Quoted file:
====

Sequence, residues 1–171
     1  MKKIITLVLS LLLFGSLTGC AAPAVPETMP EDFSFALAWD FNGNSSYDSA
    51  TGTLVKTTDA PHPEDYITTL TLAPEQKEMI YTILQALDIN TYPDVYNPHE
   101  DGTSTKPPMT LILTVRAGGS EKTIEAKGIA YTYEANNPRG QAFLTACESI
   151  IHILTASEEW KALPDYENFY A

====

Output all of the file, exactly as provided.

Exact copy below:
Sequence, residues 1–171
     1  MKKIITLVLS LLLFGSLTGC AAPAVPETMP EDFSFALAWD FNGNSSYDSA
    51  TGTLVKTTDA PHPEDYITTL TLAPEQKEMI YTILQALDIN TYPDVYNPHE
   101  DGTSTKPPMT LILTVRAGGS EKTIEAKGIA YTYEANNPRG QAFLTACESI
   151  IHILTASEEW KALPDYENFY A